Macabre burial practices uncovered in heartland of America
By Ray Hanania — (Alsip, Illinois July 11, 2009) A cemetery that is the resting place for many famous African Americans was turned into a recycling center for bodies that operators allegedly used to generate profits and police have declared “a major crime scene.” Four of the operators of Burr Oak Cemetery, located in Alsip, a suburb 12 miles southwest of Chicago, have been jailed and are awaiting charges involving the horrific crime of improperly disposing of dead bodies and theft of funds. Thousands of families whose relatives are buried in the historic cemetery have been flocking there to determine if the remains of their loved ones were improperly disposed of in mass graves, garbage piles or stacked on top and under other bodies.
Cook County Sheriff Tom Dart said that most families may never know if their relatives are in fact buried under tombstones that bear their names, or if they were moved to make room for newly dead in a scheme the four suspects are charged with using for increased profits.
Witnesses report that bones are strewn throughout dirt piles, old buildings, and fields. A section set aside for the burial of babies who died either just after birth or in their infancy cannot be located, officials said.
“I found bones out there, I found individuals wandering aimlessly around” who also found bones and other things, Dart told reporters. Dart declared the cemetery a crime scene and police and members of the local and state coroner’s offices have been sifting through remains at the site.
“I want to know where my mother, my father, my grandfather and my grandmother are buried,” one distraught woman screamed as relatives and friends tried to comfort her. “Where are they?”
The four suspects are being held without bond. It is believed they stacked bodies, burying newly dead atop others that had long been buried at the cemetery. Among the dead buried at the cemetery include blues singer Dinah Washington and Emmitt Till, the young boy whose lynching in the 1950s sparked the American civil rights movement.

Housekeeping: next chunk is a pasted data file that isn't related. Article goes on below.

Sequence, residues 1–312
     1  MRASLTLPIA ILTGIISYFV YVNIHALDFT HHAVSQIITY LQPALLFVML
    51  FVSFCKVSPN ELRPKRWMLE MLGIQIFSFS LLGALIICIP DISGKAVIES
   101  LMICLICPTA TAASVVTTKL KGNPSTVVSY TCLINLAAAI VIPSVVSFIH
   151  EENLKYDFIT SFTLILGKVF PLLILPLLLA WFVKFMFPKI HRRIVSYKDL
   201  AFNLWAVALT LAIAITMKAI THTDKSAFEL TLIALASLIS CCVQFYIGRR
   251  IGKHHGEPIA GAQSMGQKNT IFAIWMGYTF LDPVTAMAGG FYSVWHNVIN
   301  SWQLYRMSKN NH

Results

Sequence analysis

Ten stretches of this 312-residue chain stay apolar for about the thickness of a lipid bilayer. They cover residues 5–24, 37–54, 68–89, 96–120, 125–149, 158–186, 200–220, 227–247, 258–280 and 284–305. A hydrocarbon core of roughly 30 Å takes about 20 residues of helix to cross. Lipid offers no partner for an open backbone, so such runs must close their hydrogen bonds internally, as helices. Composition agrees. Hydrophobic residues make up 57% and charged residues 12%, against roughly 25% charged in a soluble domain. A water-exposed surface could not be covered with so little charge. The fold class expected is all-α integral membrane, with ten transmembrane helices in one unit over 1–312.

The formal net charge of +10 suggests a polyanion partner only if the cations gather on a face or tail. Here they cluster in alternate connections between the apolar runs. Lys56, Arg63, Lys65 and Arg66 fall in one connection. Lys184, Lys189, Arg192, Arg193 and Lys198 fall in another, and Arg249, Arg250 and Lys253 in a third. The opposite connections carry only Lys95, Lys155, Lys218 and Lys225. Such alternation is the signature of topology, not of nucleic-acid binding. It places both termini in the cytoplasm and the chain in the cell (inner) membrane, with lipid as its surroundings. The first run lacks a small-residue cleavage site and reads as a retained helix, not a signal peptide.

Till, who was only 14, was murdered in 1955 after he reportedly “whistled” at a white woman while visiting a relative in Mississippi. He was originally from Chicago where his remains were returned and buried at Burr Oak Cemetery. More than 100,000 people visited Till’s open, glass-covered casket during a four-day public funeral. His death helped spark the civil rights movement to win freedoms for African Americans who were victimized by slavery, segregation and dual laws that denied them equal rights.
In 2005, Till’s body was exhumed as a part of an effort to finally bring his killers to justice more than a half century later. His casket was replaced with a new one. The old casket, which was to be put in a museum recognizing civil rights history, was found strewn in a pile of rubble in a broken-down shack filled with feces and a small family of possums.
Three former gravediggers and the cemetery’s manager made about $300,000 in the scheme that stretched back at least four years, officials said. The four sold existing deeds and burial plots and then allegedly dug up hundreds of corpses and either dumped them in a weeded, vacant area of the cemetery, which authorities labeled a crime scene, or double-stacked them in graves.
The four suspects are former cemetery manager Carolyn Towns, 49; Keith Nicks, 45; Terrence Nicks, 39; and Maurice Dailey, 61. All are African American.
Dart was joined by Rev. Jesse L. Jackson, a civil rights leader who was at the side of Rev. Martin Luther King Jr., when he was assassinated in Memphis, Tennessee on April 4, 1968. Jackson called the horror scene and scene “a heartless act.”
“This is a scam of depth and breadth that must be dealt with,” said Jackson, who noted he is concerned that money raised for a memorial to Emmitt Till is unaccounted for and cannot be found.
“A man was here who had 75 family members buried here. Another has 65 family members here. The investigation cannot stop with the four or five people who are involved. … It is difficult to get one’s arms around the depth and breadth of the pain here. When someone dies it has its own trauma. Then buried and attempt to get closer. Double closure in this graveyard thievery in this magnitude is very difficult for us to grapple with.”